We can define technical bankruptcy as a situation where the organization cannot, or finds it exceedingly difficult to, pay off the technical debt. It does not mean that the organization is in financial bankruptcy but rather that its systems are broken or held together in a way that makes them extremely difficult to upgrade.

Significant Percentage of Organizations Are at Risk of Technical Bankruptcy

In work with our clients at Strativa over the past several years, we have gained new insights into challenges facing organizations that have out-of-date legacy systems. We recently took the opportunity to combine those insights with survey data from our sister IT research firm, Computer Economics, to produce a new report, Avoiding Technical Bankruptcy in Legacy Systems. (Click the link to download the report free from the Strativa website.)

Figure 3 from the full report shows the magnitude of the problem as it applies to ERP systems. A small but significant percentage (7%) of organization have not upgraded their ERP systems for 10 or more years. These are likely to already be in technical bankruptcy. But the 13% of organizations that have not upgraded their systems in the five-to-nine-year time frame are in the danger zone: Technical debt is building, and if the organization does not undertake a major upgrade, it risks falling into technical bankruptcy.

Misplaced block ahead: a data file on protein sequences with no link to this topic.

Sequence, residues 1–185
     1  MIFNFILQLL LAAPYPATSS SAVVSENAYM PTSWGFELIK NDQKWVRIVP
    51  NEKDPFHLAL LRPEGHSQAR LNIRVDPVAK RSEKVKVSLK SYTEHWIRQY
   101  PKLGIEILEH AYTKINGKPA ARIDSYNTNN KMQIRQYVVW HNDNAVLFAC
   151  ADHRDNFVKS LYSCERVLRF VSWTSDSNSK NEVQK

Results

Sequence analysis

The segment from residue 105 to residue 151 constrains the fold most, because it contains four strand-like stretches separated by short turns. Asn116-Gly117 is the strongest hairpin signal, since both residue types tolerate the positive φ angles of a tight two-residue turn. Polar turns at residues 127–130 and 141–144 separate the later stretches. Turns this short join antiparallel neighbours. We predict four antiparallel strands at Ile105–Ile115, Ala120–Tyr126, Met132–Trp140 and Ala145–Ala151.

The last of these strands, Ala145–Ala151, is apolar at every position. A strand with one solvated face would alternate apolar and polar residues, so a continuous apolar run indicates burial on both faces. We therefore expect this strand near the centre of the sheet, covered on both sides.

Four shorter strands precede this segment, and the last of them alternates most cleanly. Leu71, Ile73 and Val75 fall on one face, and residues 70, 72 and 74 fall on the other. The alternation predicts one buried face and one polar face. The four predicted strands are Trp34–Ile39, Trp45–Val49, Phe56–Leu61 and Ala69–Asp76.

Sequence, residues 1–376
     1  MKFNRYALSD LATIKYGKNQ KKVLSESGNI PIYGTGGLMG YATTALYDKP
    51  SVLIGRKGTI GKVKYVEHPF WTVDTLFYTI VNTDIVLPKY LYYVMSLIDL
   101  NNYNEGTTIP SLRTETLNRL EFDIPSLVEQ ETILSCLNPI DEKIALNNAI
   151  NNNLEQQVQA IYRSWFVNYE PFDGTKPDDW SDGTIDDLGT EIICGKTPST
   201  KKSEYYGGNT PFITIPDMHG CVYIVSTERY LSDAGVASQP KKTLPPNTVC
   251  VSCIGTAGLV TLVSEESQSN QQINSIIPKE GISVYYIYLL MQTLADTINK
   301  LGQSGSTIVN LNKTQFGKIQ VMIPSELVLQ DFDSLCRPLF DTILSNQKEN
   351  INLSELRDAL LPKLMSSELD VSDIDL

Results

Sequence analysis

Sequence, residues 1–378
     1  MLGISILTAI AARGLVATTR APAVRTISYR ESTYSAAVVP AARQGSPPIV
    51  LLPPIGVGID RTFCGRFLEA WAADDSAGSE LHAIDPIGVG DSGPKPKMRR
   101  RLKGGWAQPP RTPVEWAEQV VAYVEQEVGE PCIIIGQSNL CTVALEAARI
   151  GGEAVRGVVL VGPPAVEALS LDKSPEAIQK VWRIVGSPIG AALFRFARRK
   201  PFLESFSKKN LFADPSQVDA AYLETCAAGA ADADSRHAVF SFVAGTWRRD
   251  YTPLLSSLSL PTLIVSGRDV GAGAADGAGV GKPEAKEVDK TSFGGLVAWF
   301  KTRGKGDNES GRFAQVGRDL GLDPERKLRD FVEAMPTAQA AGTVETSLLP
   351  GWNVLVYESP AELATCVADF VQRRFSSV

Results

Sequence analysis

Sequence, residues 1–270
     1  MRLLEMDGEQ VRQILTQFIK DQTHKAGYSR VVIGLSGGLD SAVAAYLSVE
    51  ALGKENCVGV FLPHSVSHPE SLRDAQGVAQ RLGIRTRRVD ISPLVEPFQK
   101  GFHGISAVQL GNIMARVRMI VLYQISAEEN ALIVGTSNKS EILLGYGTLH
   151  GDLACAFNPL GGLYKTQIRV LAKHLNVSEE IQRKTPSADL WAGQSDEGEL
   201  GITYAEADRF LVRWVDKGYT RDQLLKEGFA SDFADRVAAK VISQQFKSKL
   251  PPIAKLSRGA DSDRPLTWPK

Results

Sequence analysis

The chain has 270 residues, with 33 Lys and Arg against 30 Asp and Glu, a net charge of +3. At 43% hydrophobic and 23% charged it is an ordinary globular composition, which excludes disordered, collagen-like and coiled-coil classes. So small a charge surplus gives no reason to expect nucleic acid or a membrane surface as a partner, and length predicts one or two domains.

Signs of Technical Bankruptcy

What are typical signs that a legacy system has reached the stage of technical bankruptcy? We found five characteristics:
  • Extensive modifications, extensions, and interfaces.
  • Poor understanding of the system by users and IT alike
  • Direct involvement of IT personnel in business processes.
  • Legacy system atrophy as shadow IT emerges.
  • Upgrade or replacement hard to justify.
In the full report, we explore the symptoms of technical bankruptcy and the devastating effects that it has on the organization. We continue by quantifying the scope of the problem specifically for ERP systems, using our research on the typical age, frequency of upgrades, and extent of modification of these systems.

Most importantly, we conclude with recommendations on how to avoid technical bankruptcy and, for organizations that have reached this stage, strategies for getting out and staying out of technical bankruptcy going forward.